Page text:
William Ellery Channing

(1818-1901 / the United States)

The Hillside Cot - Poem by William Ellery Channing

And here the hermit sat, and told his beads,
And stroked his flowing locks, red as the fire,
Summed up his tale of moon and sun and star;
'How blest are we,' he deemed, 'who so comprise
The essence of the whole, and of ourselves,
As in a Venice flask of lucent shape,
Ornate of gilt Arabic, and inscribed
With Suras from Time's Koran, live and pray,
More than half grateful for the glittering prize,
Human existence! If I note my powers,
So poor and frail a toy, the insect's prey,
Itched by a berry, festered by a plum,
The very air infecting my thin frame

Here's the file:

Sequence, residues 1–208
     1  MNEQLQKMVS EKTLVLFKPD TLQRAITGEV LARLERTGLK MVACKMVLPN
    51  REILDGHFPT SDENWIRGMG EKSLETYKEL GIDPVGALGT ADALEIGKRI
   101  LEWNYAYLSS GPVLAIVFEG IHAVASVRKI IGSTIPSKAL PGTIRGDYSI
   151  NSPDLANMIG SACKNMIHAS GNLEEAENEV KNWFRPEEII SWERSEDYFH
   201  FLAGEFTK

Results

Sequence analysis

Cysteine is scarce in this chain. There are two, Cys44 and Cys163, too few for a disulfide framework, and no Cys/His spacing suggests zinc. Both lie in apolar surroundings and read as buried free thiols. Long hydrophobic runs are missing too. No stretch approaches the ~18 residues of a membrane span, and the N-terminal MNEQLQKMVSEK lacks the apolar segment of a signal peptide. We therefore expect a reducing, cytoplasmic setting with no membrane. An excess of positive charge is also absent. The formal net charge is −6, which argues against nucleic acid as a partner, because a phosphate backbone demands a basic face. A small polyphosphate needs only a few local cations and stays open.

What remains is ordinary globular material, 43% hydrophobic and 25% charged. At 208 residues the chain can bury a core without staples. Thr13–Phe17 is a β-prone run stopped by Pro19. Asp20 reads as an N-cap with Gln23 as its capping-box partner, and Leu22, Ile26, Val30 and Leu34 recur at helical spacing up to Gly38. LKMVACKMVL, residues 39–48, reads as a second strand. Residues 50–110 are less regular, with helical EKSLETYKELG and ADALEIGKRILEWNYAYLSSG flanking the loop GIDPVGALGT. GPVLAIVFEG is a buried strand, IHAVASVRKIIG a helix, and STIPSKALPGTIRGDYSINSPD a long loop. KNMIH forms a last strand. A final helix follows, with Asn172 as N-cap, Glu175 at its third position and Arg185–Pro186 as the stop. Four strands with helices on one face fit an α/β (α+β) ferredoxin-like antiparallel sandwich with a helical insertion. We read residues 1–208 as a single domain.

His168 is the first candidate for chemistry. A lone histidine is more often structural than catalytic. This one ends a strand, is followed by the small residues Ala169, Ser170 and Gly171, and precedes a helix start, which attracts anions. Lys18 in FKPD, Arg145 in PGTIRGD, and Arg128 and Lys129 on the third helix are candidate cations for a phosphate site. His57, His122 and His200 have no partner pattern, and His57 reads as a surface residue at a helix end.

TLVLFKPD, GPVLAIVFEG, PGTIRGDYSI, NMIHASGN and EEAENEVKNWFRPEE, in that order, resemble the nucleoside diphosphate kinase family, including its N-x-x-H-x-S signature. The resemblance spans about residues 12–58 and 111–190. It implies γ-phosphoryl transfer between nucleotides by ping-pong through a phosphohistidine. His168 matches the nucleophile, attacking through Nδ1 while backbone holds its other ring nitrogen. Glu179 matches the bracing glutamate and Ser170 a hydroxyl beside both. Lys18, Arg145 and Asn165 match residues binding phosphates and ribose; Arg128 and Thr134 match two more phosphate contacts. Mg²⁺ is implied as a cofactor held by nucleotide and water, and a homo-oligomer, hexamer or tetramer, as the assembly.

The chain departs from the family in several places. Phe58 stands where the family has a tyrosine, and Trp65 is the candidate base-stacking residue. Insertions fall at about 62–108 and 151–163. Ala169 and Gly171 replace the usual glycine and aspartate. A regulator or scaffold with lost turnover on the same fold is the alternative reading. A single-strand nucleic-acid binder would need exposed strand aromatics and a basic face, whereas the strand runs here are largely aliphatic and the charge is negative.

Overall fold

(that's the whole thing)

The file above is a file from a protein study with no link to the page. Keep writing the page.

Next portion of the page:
With its malarial trick, whom every day
Rushes upon and hustles to the grave,
Yet raised by the great love that broods o'er all
Responsive, to a height beyond all thought.'
He ended as the nightly prayer and fast
Summoned him inward. But I sat and heard
The night-hawks rip the air above my head,
Till midnight, o'er the warm, dry, dewless rocks;
And saw the blazing dog-star droop his fire,
And the low comet, trailing to the south,
Bend his reverted gaze, and leave us free.


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Poem Submitted: Monday, September 6, 2010



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